Success in controlling cost growth in recent years may be contributing to employers’ commitment to providing health coverage. Few believe it is likely that they will terminate their employee health plans within the next five years, even though state-based health insurance exchanges will provide another source of health coverage for individuals beginning in 2014. Just 7% of large employers and 22% of small employers (those with 10-499 employees) believe it is likely or very likely that they will do so (Fig. 3).

 

In fact, there was a slight uptick in the percentage of employers offering coverage in 2012:  it rose from 55% to 59%, after falling in each of the previous two years. Most of the increase was among the smallest employers – those with 10-49 employees – which are the least likely to offer coverage and the quickest to drop it when cost goes up (Fig. 4).

 

Enrollment shift to low-cost consumer-directed health plans helped to hold down overall cost increase
With a growing number of employers now positioning a high-deductible, account-based consumer-directed health plan as their primary plan – or even their only plan – employee enrollment jumped from 13% to 16% of all covered employees in 2012 (Fig. 5). Many employers see these plans as central to their response to health care reform provisions that will raise enrollment. Over the past two years, offerings of CDHPs have risen from 17% to 22% of all employers, and from 23% to 36% of employers with 500 or more employees. Well over half (59%) of very large organizations (20,000 or more employees), which typically offer employees a choice of medical plans, now offer a CDHP (Fig. 6).

 

“If we’re not already at the tipping point for CDHPs – and we may well be – at this rate of growth it’s coming soon,” says Sharon Cunninghis, US business leader for health and benefits.

 

Moving even a small number of employees out of a more expensive plan into a CDHP can result in significant savings for an employer. The cost of coverage in a CDHP with a health savings account is about 20% lower, on average, than the cost of PPO coverage – $7,833 per employee compared to $10,007 (Fig. 7). While employers have been reluctant to offer the CDHP as the only medical plan, survey results suggest that attitudes are shifting. When asked if they expect to offer a CDHP five years from now, 18% of large employers say they expect to offer it as the only plan, up from 11% in 2011. Among large employers that offer an HSA-based CDHP, average enrollment rose from 25% to 32%.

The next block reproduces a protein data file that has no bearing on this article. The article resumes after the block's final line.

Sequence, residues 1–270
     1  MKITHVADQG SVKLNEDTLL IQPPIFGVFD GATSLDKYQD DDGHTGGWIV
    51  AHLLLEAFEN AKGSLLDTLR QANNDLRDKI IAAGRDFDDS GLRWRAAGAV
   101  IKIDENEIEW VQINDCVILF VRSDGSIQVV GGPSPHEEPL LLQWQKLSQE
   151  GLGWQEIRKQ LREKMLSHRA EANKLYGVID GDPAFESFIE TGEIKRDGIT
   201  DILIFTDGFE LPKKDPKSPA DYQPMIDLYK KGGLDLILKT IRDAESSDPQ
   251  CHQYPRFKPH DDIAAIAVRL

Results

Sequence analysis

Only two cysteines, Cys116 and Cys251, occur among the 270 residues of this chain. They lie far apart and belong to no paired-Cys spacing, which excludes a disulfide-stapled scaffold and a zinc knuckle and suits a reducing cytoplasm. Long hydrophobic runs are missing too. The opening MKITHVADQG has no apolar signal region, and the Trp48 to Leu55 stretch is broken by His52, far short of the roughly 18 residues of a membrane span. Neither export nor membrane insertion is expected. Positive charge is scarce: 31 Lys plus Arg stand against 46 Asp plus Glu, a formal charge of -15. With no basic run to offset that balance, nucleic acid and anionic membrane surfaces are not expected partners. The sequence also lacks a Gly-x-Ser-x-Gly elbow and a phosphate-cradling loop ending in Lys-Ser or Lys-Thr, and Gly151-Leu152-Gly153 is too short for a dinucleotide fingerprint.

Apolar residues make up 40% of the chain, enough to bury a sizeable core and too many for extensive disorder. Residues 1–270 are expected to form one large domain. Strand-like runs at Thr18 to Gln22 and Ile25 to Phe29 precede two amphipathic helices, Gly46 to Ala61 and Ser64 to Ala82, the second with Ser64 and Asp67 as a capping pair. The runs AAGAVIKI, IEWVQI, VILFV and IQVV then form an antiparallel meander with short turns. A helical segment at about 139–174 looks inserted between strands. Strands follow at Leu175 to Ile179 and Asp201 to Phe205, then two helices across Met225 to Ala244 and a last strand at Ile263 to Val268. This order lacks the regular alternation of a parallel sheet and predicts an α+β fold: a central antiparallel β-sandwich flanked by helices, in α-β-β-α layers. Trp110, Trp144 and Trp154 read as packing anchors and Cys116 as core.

“PPACA requires that health plans cover, at a minimum, 60% of eligible health plan expenses,” says Ms. Cunninghis. “Some employers are resetting their health plan value to move closer to that minimum, and saving money as a result.”

 

Offering a lower-cost CDHP is one way employers “reset” plan value in 2012. Others simply raised the deductible of an existing PPO plan. The average PPO in-network deductible reached $1,427 for an individual in 2012. Although large employers typically require much lower deductibles, the average deductible amount among employers with 500 or more employees rose by about $80 in 2012, to reach $666 (Fig. 8).

 

“Over the past decade, employers have figured out how to stabilize health benefit cost increases through cost-shifting and other cost management techniques. Now we’re seeing a move toward even greater control through defined contribution strategies,” says Ms. Cunninghis.

 

An example of a defined contribution strategy is determining in advance what the employer contribution to the cost of coverage will be, and requiring employees to pay anything above that amount. If the employer offers a range of plans, employees can save money by choosing a lower-cost plan. Nearly half of employers – 45% – say they currently use or are considering using a defined contribution strategy (Fig. 9).

 

Employers believe health management is helping to slow medical trend
Workforce health management, or “wellness”, has emerged as employers’ top long-term strategy for controlling health spending. Over three-fourths of large employers (78%) say that senior leadership is supportive or very supportive of health management programs as a means of encouraging more health-conscious behavior.